Tampa Military Divorce
Divorce Lawyer for Tampa, FL
divorce has different rules compared to a civilian divorce, which is why different
state and federal laws apply. In Florida, there are certain laws that
protect an active military member from being held in default if they fail
to respond to a divorce action. Such rules came about in order to protect
military personnel from being divorced by a spouse without proper notification.
The Soldiers and Sailors Civil Relief Act, 50 UCS §521, and a court
ruling may postpone divorce during the time a soldier is on duty, and
for up to 60 days after.
If a military member knows about the divorce, they may waive the postponement
and carry on with the divorce proceedings. Those who are divorcing a retired
military member also face different divorce and financial division regulations.
Depending on how long a couple has been married, a spouse may not be entitled
to the soldier's retired pay. If you are attempting to divorce a soldier,
or if you are a soldier who is facing divorce, contact the Tampa divorce
lawyer at the Law Offices of Manuel Fajardo as soon as possible.
Requirements for Military Divorce
If you wish to divorce a solider while they are on active duty, the spouse
must be personally served with a summons and a copy of the divorce action.
This way, the Florida court system will have jurisdiction over the soldier.
In an uncontested divorce, or a divorce where both spouses agree to amicably
separate without the assistance of a court, a soldier may not have to
be served with divorce papers as long as they sign a waiver stating they
agree to continue the divorce process. In order to file for a military
divorce in Florida, you or your spouse must live or be stationed in Florida
for a minimum of 6 months. Divorcing a retired military member and receiving
part of their military retirement fund depends on multiple factors.
Florida law states that retirement benefits earned while the couple was
married should be equally distributed. This does not mean that the non-member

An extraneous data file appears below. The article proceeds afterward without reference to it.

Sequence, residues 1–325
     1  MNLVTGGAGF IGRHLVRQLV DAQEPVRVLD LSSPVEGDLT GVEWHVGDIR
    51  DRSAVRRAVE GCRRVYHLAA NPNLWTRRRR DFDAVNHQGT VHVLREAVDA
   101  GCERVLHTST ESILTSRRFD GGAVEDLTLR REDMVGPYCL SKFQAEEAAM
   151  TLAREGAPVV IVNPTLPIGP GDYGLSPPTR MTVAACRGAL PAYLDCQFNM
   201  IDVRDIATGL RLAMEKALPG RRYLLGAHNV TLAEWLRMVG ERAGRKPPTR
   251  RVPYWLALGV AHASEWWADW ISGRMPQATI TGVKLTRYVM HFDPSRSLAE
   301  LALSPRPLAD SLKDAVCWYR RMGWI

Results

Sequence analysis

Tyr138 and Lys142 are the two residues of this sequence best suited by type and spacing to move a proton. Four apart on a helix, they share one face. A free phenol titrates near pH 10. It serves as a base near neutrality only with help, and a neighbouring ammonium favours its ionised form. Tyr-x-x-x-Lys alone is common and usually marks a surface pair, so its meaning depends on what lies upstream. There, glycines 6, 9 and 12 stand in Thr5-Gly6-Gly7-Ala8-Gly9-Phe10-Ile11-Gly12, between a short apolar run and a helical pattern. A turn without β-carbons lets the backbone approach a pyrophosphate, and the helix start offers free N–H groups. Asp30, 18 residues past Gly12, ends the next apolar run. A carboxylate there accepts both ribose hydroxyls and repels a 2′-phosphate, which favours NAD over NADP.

automatically receives half of the entire retirement fund, nor are they
entitled to receive more than 50%. If the military member was enlisted
prior to marrying their spouse, or continues to serve after the divorce,
they will not have to split the money earned for retirement during that
timeframe. The couple must also be married for a minimum of 10 years,
and the member must have served in the military during that time in order
for the non-member to receive money from the Department of Defense. This
is also known as the Ten-Year rule.
The 20-20-20 rule means that a marriage has lasted for at least 20 years,
with the member serving at least 20 years of duty that overlapped the
marriage for at least 20 years. If this is the case, a non-member can
receive all military benefits of the retired military spouse. Survivor
benefits must also be discussed in the final divorce proceedings. Members
may not want to award survival benefits to their non-member spouse because
it lowers the net amount they can receive. There is no law stating the
specifics on how survivor benefits should be handled in divorce, so it
is usually determined by the court.
Our Firm Can Help
According to Florida law, child support and spousal support/alimony cannot
exceed 60% of a military member's pay and allowances in a military
divorce. Normal child support guidelines and schedules are applied, but
the member is not expected to pay more than 60% of their earnings towards
their spouse or child. Military divorce is a complicated process, and
different state and federal laws apply to spouses than those who are seeking
a normal civilian divorce.
Even if a couple agrees to an uncontested divorce, one spouse should hire
an experienced attorney to ensure that the process is properly resolved.
The attorneys at the Law Offices of Manuel Fajardo may be able to assist
clients in every military divorce aspect. We have extensive knowledge
about the military divorce laws and rules of Florida, and we can help
divide your property and determine the proper amount of child and spousal
support according to military regulations. Please contact our firm, or
feel free to fill out a complimentary case evaluation form on our website.